(This essay was originally delivered as a public talk at the June 2015 Fordham/OTSA conference on the upcoming Great and Holy Council of the Orthodox Church. It was part of a panel on ecumenical relations.)
In various contemporary academic, political and religious discussions, what is often taken or presented as “the Christian” teaching or practice is not always something shared by Orthodox. In both official as well as unofficial contexts, the perspectives commonly labeled as “Christian” might sound Roman Catholic, but not Orthodox; or Baptist, but not Orthodox. Such is sometimes the case in university classrooms and in academic societies; in ecclesial and interreligious gatherings; in capitol buildings and campaign trails; in internationally respected media as well as sensational punditry.
The Orthodox Church’s active and ongoing ecumenical engagement, on all levels from patriarch to parishioner, can serve to nuance this frequent misrepresentation, or at least “other Christian traditions”-centered presentation, of Christianity. More to the point, while ecumenical relations can bring tremendous benefits, as well as drawbacks, to the Orthodox Church (neither of which am I addressing here), the value in our ecumenical relations lies not so much in what it does for us but in what it might do for the so-called “Christian” voice presented toward or on behalf of the rest of the world.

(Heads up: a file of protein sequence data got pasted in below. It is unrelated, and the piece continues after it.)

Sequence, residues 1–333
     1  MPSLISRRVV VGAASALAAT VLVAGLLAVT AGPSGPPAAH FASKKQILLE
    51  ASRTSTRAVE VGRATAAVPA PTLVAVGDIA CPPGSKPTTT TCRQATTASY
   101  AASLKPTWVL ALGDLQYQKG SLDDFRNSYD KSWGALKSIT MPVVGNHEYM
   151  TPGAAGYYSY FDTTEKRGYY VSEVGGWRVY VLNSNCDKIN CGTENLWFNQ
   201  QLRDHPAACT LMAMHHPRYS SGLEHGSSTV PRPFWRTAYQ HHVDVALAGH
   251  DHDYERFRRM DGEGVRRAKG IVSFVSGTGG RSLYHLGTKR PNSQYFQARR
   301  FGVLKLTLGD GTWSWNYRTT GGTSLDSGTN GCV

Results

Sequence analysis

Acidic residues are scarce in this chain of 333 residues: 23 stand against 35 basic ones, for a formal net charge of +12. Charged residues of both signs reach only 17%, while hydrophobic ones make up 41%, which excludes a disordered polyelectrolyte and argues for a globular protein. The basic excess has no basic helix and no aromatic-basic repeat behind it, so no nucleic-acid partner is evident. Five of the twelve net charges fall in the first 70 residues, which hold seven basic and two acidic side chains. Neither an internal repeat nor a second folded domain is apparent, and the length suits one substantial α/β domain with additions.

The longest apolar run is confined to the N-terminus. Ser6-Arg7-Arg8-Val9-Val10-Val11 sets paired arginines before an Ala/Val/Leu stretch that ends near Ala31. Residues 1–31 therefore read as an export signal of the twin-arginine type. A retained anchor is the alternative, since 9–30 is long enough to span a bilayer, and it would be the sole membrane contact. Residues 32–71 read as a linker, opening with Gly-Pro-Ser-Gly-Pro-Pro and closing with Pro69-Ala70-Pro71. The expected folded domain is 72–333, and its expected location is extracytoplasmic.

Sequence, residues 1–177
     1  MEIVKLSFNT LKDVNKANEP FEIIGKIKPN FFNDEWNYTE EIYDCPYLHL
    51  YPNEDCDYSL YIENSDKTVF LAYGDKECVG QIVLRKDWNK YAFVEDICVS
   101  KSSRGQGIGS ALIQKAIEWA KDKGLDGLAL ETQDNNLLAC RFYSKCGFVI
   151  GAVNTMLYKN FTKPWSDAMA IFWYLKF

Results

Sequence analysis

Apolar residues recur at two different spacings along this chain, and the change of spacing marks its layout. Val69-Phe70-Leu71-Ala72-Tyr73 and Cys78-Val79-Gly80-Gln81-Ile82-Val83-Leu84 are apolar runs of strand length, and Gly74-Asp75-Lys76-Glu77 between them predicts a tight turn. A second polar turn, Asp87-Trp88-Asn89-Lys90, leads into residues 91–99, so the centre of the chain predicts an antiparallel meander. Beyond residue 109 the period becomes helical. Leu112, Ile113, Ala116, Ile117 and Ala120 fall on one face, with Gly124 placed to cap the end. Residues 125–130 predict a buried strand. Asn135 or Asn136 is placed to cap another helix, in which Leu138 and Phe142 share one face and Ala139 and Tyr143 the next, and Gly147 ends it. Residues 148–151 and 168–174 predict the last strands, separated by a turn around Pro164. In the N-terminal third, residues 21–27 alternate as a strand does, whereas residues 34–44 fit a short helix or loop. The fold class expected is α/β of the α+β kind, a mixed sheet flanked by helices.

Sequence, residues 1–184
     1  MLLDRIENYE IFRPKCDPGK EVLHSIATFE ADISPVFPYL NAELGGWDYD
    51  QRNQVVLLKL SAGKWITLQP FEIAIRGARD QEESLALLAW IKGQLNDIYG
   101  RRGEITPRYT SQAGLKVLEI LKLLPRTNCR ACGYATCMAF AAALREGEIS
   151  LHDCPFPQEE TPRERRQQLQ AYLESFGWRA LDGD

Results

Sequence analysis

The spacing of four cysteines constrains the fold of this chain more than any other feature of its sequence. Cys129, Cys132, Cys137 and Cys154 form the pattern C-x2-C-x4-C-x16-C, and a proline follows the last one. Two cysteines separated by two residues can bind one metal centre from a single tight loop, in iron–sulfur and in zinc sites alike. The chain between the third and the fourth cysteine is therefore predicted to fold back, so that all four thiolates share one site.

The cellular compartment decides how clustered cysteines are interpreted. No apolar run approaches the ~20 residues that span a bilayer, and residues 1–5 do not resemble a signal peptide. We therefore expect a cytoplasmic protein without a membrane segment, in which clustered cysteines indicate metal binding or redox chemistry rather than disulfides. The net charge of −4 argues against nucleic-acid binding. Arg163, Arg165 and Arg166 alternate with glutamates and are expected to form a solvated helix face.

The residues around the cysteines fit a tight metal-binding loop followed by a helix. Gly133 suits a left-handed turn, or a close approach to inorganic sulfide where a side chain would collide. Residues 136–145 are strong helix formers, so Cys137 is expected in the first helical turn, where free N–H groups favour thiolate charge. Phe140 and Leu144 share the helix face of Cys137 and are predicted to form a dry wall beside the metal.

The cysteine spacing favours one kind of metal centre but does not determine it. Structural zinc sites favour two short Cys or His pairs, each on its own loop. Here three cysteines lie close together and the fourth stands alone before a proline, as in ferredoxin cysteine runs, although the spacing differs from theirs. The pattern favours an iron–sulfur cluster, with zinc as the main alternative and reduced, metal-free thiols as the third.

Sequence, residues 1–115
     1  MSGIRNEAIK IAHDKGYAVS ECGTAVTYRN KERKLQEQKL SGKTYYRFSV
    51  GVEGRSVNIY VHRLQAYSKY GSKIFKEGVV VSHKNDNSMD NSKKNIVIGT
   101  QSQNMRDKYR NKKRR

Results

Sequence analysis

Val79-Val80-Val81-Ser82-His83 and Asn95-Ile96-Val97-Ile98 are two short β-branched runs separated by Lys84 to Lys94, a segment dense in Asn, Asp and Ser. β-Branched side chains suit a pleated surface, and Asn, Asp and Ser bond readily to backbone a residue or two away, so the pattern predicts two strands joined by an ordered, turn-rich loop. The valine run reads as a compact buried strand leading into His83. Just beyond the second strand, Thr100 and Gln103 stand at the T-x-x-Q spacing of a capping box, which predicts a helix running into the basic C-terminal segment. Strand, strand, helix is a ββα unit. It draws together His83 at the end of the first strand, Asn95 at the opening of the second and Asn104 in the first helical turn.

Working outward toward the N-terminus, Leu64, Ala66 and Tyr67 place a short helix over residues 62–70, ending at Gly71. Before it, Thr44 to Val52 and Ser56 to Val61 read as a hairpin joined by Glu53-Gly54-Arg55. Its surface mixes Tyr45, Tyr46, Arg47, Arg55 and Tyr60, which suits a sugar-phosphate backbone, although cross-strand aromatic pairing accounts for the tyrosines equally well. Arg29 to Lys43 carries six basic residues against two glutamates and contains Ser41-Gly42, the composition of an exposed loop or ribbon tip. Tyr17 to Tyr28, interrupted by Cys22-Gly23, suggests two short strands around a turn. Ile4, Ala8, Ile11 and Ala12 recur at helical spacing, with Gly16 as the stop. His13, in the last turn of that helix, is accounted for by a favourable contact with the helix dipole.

Contemporary Jewish-Christian relations, particularly with regard to the troubled Middle East, serves as one important example of something that might benefit from consistent Orthodox ecumenical participation. Indeed, Orthodox and Jewish representatives have had an ongoing dialogue for decades, but the far more influential of Jewish-Christian interactions, globally speaking, are those between Jews and, say, Catholics or Lutherans. These interactions often have more of a say in what the Jewish, Christian, and secular worlds believe “the Christian” position or practice to be, and, therefore, they bear more influence in the religious and political policies that subsequently arise.
Yet, there are many unique features of the Jewish-Orthodox Christian relationship that Western political and religious discussions would do well to take into account. After all, the many theological teachings that have affected or effected Western Christian-Jewish relations—for example, teachings on the people of God, law, and covenant—are often expressed differently in the Orthodox East, where Christianity and Judaism have had a considerably different historical relationship. What is more, early Zionism was born in Orthodox-ruled lands, and the relationship between the State of Israel and the Greek Orthodox Church of Jerusalem is one that the State shares with no other. Most significantly, perhaps, the majority of Christians in the Middle East—a group often overlooked in Western religious and political policies—are Orthodox.
Through ecumenical participation, the Orthodox Church can regularly articulate these distinctive contributions to Jewish-Christian relations (with all of their regional, religious and political dimensions) and thereby add a critical voice to what is often taken outside of Christianity to be representative of Christianity. As such, the Church can have a greater influence on Western religious statements and political policies—especially those that so tremendously affect lands where Orthodox Christians have long resided.
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